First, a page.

The FDA has approved an updated label for Merck’s Vytorin (ezetimibe/simvastatin) that includes results from the SHARP trial.
In the SHARP (Study of Heart And Renal Protection) trial, Vytorin 10/20 mg lowered LDL-cholesterol in patients with moderate to severe chronic kidney disease (CKD), and major vascular events were reduced in the treatment group compared to placebo. Because SHARP studied the combination of simvastatin and ezetimibe compared with placebo, it was not designed to assess the independent contributions of each drug to the observed effect; for this reason, the FDA did not approve a new indication for Vytorin or for Zetia (ezetimibe) and the study's efficacy results have not been incorporated into the label for Zetia.
Vytorin currently is indicated as an adjunct therapy to diet for the reduction of total cholesterol, LDL-cholesterol, apolipoprotein B, triglycerides and non-HDL cholesterol and to increase HDL-cholesterol in patients with primary (heterozygous familial and nonfamilial) hyperlipidemia or mixed hyperlipidemia when diet alone is not enough. No incremental benefit of Vytorin on cardiovascular morbidity and mortality over and above that demonstrated for simvastatin has been established.
Vytorin should not be taken with strong CYP3A4 inhibitors (e.g., itraconazole, ketoconazole, posaconazole, erythromycin, clarithromycin, telithromycin, HIV protease inhibitors and nefazodone); with gemfibrozil, cyclosporine or danazol; by anyone with active liver disease, unexplained persistent elevations of hepatic transaminase levels or hypersensitivity to the product; or by women who are pregnant, nursing or may become pregnant.
SHARP was a randomized, controlled trial involving LDL-cholesterol lowering therapy to demonstrate a reduction in cardiovascular outcomes in patients with CKD. The trial was designed and conducted by the Clinical Trial Service Unit (CTSU) of Oxford University (the trial's regulatory sponsor), which presented the analyses for the FDA.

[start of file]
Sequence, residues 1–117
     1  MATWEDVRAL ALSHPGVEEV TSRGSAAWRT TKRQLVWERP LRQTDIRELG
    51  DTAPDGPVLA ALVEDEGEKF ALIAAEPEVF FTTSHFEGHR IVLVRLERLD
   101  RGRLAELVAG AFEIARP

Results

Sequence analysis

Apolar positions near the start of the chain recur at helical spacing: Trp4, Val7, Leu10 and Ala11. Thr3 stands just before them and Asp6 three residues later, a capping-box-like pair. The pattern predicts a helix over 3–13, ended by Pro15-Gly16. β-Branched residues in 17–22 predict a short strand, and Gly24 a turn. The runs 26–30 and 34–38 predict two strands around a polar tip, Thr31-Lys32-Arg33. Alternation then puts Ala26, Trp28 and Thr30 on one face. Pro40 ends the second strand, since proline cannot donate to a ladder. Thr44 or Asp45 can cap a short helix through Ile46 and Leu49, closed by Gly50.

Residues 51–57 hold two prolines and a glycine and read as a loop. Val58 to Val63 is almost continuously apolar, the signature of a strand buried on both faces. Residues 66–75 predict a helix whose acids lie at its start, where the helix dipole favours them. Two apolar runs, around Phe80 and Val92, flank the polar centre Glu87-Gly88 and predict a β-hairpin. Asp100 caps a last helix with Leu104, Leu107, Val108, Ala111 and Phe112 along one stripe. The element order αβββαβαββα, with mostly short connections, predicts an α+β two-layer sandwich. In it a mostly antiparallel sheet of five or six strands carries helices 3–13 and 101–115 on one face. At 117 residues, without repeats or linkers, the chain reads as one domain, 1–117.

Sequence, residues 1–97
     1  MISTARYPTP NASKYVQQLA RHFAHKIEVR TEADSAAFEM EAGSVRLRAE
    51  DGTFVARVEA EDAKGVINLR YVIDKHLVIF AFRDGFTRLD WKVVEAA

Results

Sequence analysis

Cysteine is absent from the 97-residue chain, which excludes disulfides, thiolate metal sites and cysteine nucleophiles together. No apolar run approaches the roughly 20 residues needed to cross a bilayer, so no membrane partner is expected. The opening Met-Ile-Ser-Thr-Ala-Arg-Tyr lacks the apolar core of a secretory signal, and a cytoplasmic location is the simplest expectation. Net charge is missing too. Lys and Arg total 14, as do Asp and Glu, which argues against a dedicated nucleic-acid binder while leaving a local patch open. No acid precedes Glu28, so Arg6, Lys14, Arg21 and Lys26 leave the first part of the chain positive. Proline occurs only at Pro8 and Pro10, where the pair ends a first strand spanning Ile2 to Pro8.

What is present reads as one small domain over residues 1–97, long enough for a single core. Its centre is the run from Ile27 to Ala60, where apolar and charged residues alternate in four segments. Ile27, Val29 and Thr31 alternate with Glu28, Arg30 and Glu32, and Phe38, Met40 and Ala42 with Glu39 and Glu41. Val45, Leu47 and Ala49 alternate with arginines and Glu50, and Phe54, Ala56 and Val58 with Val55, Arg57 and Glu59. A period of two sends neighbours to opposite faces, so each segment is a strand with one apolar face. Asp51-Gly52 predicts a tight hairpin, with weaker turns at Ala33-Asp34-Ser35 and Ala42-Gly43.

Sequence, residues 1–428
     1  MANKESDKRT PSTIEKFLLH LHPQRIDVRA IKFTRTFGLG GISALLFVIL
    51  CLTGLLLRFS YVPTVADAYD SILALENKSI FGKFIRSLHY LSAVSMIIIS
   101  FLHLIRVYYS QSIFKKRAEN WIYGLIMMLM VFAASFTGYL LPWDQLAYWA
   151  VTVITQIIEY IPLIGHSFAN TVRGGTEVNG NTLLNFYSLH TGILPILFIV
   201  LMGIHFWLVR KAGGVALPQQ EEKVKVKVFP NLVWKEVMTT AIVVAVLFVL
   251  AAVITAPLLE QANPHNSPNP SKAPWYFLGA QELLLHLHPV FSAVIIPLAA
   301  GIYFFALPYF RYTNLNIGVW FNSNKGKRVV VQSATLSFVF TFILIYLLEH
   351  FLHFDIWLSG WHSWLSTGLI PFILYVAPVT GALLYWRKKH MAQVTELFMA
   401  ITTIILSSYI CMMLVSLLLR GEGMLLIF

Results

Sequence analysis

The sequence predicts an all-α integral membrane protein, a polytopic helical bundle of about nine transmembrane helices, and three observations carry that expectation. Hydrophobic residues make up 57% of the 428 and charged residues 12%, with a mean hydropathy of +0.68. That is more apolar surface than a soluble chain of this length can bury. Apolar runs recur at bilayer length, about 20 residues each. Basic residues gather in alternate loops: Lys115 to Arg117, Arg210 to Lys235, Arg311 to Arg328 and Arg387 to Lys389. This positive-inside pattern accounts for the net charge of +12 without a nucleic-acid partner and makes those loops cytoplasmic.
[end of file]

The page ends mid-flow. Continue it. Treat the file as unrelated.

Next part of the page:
SHARP, published June 2011 in The Lancet, enrolled a total of 9,438 patients with CKD. Approximately one-third of the patients were undergoing dialysis therapy for end-stage renal disease at the time of entry, and the remaining patients were predialysis patients with advanced CKD with a median estimated glomerular filtration rate (GFR, a measure of kidney function) of 25.6 ml/min/1.73m2. Patients with a prior history of MI or a coronary revascularization procedure were excluded from the study.
Based on these results, the FDA’s Endocrinologic and Metabolic Drugs Advisory Committee unanimously voted Nov. 2, 2011, to recommend Vytorin for use in patients with pre-dialysis chronic kidney disease.
In patients with CKD and GFR <60 mL/min/1.73 m2, the dose of Vytorin is 10/20 mg/day in the evening, according to Merck. In such patients, higher doses should be used with caution and close monitoring. For other patients, including those with mild renal impairment, the usual dosage range remains 10/10 mg/day to 10/40 mg/day and the recommended usual starting dose is 10/10 mg/day or 10/20 mg/day.
In the absence of moderate to severe renal impairment, patients who require a larger reduction in LDL cholesterol (greater than 55 percent) may be started at 10/40 mg/day. No dosage adjustment is necessary in patients with mild renal impairment (GFR ?60 mL/min/1.73 m2), Merck said.